Your Whole Self, And Heart Health

Feb 17, 2023 | Health Highlights, News

February is National Healthy Heart month and Mid-State Health wants to help you think about the ways you can make changes in your daily habits to live a healthier life. The American Heart Association has a healthy living movement called ‘Healthy for Good’ with an approach that is simple: Eat Smart. Move more. Be well. Mid-State Health’s nutritionists, physical therapists and behavioral health providers couldn’t agree more!


Eat Smart

Healthy eating and cooking start with smart food choices. Learn what to look for at the grocery store, in restaurants, at your workplace and on any eating occasion. ‘Balance’ is the latest word on heart-healthy eating, according to a new report that encourages people to adapt broad eating habits instead of focusing on single foods—and it’s not one size fits all. Try to eat an overall healthy dietary pattern that emphasizes:

  • a wide variety of fruits and vegetables
  • whole grains and products made up mostly of whole grains
  • healthy sources of protein (nuts, legumes, seafood, low fat dairy, lean poultry and meat)
  • olive, avocado and coconut oils
  • try to limit processed foods, added sugars, high salt and alcohol


Move More

You’ll build more opportunities to be active into your routine when you find ways to move that you like. A good starting goal is 150 minutes a week; that’s 21 minutes a day or 5 days of 30 minutes. Physical activity is anything that moves your body and burns calories. This includes things like walking, climbing stairs and stretching. Aerobic (or ‘cardio’) activity gets your heart rate up and benefits your heart by improving cardiorespiratory fitness. When done at moderate intensity, your heart will beat faster and you’ll breathe harder than normal, but you’ll still be able to talk. Examples of moderate-intensity aerobic activities:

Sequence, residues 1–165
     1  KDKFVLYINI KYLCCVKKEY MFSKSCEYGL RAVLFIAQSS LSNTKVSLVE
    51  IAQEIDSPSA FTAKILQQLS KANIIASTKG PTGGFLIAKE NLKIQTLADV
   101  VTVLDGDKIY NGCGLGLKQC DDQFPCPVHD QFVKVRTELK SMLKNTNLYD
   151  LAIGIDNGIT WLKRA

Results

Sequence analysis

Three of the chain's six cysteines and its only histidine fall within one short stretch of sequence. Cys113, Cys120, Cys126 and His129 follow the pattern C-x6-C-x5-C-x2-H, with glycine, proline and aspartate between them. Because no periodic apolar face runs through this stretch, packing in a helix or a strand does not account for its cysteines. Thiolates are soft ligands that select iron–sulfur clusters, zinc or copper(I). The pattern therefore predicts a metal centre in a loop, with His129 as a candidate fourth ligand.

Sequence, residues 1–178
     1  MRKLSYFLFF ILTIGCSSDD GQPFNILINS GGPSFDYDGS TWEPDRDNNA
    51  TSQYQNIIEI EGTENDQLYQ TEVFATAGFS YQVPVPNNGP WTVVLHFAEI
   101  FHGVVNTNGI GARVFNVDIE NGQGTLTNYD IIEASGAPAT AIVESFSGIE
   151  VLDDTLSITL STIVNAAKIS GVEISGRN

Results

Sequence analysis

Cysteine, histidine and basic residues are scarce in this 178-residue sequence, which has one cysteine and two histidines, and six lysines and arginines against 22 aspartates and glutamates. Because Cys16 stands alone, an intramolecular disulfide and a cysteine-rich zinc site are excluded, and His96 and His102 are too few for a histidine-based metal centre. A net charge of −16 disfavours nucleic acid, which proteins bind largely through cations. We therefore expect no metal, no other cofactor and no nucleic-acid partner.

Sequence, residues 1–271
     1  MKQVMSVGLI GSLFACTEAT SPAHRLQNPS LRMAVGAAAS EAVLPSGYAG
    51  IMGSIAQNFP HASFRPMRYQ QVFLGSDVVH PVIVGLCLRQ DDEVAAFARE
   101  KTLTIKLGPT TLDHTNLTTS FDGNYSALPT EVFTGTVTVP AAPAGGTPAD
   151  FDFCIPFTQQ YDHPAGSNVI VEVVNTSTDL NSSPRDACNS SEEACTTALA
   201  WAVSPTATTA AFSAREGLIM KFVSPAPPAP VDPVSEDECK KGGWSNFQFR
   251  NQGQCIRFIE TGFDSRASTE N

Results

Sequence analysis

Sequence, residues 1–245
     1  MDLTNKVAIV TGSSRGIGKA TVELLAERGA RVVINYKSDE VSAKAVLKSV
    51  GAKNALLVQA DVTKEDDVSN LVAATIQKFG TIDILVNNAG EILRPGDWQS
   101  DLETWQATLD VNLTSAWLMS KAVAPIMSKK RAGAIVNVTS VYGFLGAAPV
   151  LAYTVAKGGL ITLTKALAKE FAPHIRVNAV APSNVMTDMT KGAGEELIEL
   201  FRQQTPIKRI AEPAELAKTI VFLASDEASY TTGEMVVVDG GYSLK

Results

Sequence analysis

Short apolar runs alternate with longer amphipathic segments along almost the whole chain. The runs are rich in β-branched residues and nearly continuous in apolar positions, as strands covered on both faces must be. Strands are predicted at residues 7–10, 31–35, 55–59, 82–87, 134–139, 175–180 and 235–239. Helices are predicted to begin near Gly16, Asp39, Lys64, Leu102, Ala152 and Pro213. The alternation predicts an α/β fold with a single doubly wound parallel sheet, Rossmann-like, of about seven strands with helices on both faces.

• brisk walking
  • water aerobics
  • dancing
  • gardening
  • tennis (doubles)
  • biking slower than 10 miles per hour

“If you’re just starting out, start with moderate activity. As you get stronger go for longer periods or increase your intensity by doing more vigorous activities like hiking, running, swimming laps, jumping rope, tennis (singles) or cycling faster than 10 miles per hour. Start where you can and the big takeaway is move more with more intensity and sit less,” said Matt Scagliarini, PT, DPT, Director of Rehab Services Mid-State Health.


Be Well

True health also includes getting good sleep, practicing mindfulness, managing stress, keeping mind and body fit and connecting socially. The behavioral health providers at Mid-State Health Center remind us that mental health includes our emotion, psychological, and social well-being. It affects how we think, feel, and act. It also helps determine how we handle stress, relate to others and make choices. Practicing mindfulness and meditation may help you:

  • manage stress and high blood pressure
  • sleep better
  • feel more balanced and connected
  • lower our risk of heart disease

Meditation and mindfulness are practices—often using breathing, quiet contemplation or sustained focus on something, such as an image, phrase or sound—that help you let go of stress and feel more calm and peaceful. Think of it as a mini-vacation from the stress in your life!


The Bottom Line

Meditation can help you mange stress, sleep well and feel better; combined with lifestyle changes like eating healthier, managing your weight, and getting regular physical activity you’re on your way to living a heart healthy life.